If you’re in Philadelphia, Washington, or any of the other places where the mercury is soaring, stop complaining.
On July 22, the temperature hit 129 degrees in Basra, Iraq. Stepping outside is like “walking into a fire,” said Zainab Guman, a university student in Basra told The Washington Post’s Hugh Naylor. “It’s like everything on your body — your skin, your eyes, your nose — starts to burn,” she said.
The day before, it reached 129.2 in Mitribah, Kuwait. If confirmed by the World Meteorological Organization, the two temperatures would be the hottest ever recorded in the Eastern Hemisphere. In Baghdad, the temperature measured at the international airport has reached 109 degrees or higher nearly every day since June 19. The city has been 10 and even 20 degrees warmer than normal for this time of year.
Parts of the United Arab Emirates and Iran experienced a heat index — a measurement that factors in humidity as well as temperature — of 140 degrees in July, and Jiddah, Saudi Arabia, recorded an all-time high temperature of nearly 126 degrees.
In the 136 years scientists have been tracking global temperatures, there has never been a warmer month than this July, according a new NASA report. NASA found that July was 1.51 degrees Fahrenheit warmer than the global average from 1950 to 1980, and about .18 degrees warmer than the previous records, set in July 2011 and July 2015.
This year has a 99 percent chance of being the warmest on record, said Gavin Schmidt, a climate scientist at the Goddard Institute.
“Statistics, like all these breaking records, tell us that real change is already happening, and ultimately, it poses serious risks to us and our descendants,” Kerry Emanuel, a professor of atmospheric science at MIT told the Boston Globe’s David Abel. “I wonder how many more records we have to break before we all realize how important it is to act.”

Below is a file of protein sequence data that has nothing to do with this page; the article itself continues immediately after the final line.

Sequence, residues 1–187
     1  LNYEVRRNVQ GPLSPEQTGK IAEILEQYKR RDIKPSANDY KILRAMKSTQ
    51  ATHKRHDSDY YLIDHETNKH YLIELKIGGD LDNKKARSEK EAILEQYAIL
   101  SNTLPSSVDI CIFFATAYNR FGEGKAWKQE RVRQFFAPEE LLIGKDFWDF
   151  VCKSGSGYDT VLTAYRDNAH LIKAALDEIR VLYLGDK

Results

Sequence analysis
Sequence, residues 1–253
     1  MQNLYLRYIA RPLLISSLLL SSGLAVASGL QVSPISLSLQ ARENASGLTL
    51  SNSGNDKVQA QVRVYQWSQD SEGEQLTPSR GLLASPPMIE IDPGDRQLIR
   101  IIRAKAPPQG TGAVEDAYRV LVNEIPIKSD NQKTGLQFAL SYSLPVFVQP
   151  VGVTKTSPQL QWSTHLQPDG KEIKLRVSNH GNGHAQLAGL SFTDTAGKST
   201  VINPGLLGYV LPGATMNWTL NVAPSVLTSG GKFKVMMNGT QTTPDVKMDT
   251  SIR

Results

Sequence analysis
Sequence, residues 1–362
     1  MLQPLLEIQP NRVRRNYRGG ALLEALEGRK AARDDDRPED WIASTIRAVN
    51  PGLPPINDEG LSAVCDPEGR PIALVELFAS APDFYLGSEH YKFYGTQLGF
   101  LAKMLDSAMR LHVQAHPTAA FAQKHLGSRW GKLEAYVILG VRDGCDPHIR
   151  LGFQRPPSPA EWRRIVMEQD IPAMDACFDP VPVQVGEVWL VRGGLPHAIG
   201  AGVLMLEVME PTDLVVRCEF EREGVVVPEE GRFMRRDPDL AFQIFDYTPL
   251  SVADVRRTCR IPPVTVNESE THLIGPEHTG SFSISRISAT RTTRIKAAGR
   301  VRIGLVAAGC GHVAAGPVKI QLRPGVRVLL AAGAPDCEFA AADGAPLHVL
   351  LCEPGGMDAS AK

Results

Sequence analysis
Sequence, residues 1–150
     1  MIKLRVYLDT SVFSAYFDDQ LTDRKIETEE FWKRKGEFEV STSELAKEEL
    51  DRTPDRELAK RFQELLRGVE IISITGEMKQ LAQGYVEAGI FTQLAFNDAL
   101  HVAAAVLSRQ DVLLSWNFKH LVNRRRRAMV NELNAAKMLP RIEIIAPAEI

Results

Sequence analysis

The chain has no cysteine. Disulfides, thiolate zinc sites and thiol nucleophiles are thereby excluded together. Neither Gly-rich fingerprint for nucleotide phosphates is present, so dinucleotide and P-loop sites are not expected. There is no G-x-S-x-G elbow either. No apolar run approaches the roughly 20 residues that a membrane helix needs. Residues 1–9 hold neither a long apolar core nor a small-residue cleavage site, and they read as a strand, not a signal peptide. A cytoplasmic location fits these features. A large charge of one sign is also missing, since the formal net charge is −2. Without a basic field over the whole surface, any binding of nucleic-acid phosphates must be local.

Naylor wrote that countries like Iraq and Kuwait have grappled with remarkably warm summers in recent years, but this year has been particularly brutal. He cited a study published by the journal Nature Climate Change in October, which predicted that heat waves in parts of the Persian Gulf could threaten human survival toward the end of the century. Researchers at the Max Planck Institute for Chemistry and the Cyprus Institute in Nicosia recently predicted a similarly grim fate for the Middle East and North Africa, home to half a billion people.
In coming decades, U.N. officials and climate scientists believe that this region’s mushrooming populations will face extreme water scarcity, temperatures almost too hot for human survival and other consequences of global warming.
If that happens, conflicts and refugee crises far greater than those now underway are probable, said Adel Abdellatif, a senior adviser at the U.N. Development Program’s Regional Bureau for Arab States who has worked on studies about the effect of climate change on the region.
Of course, weather this extreme has economic consequences. Bassem Antoine, an Iraqi economist, told Naylor that the weather has seriously damaged the country’s economy. He estimates that Iraq’s gross domestic product has contracted 10 to 20 percent during the summer heat. Iraqi officials say scores of farmers across the country have been struggling with wilting crops, and general workforce productivity has decreased. Abdel-Amir Hamoud owns a massive nursery in Baghdad and sells everything from palm trees to roses. This summer has been so hot, he told Naylor, that more than $150,000 of his plants have dried out and died.
Naylor reported that the immediate cause of the heat wave is a stubborn high-pressure system, but a fundamental shift in the country’s weather patterns appears to be taking place, said Mahmoud Abdul-Latif, spokesman for Iraq’s meteorological department. In Baghdad, he said, the number of days with temperatures at 118 degrees or higher has more than doubled in recent years. July’s record temperatures were also the result of a lingering El Niño, a natural warming of portions of the Pacific Ocean that can change weather patterns elsewhere on the planet.
The climbing temperatures and humidity could affect the Olympics, too, Chris Mooney reported in the Post. At this rate, by the year 2085 only eight of 543 cities outside of western Europe would meet the low-risk category for athletes. “Projections out to the early 22nd century, which carry even more uncertainty, suggest the last cities in the northern hemisphere with low-risk summer conditions for the Games will be Belfast, Dublin, Edinburgh, and Glasgow,” according to a study by a team of researchers from New Zealand, Cyprus, and the U.S. Their findings were published in the influential medical journal The Lancet.
The United States needs to be a leader in tackling this problem. The most promising solution is a revenue-neutral carbon fee, and we are building support--especially in the business community--so that the new Congress and president will take such action in 2017.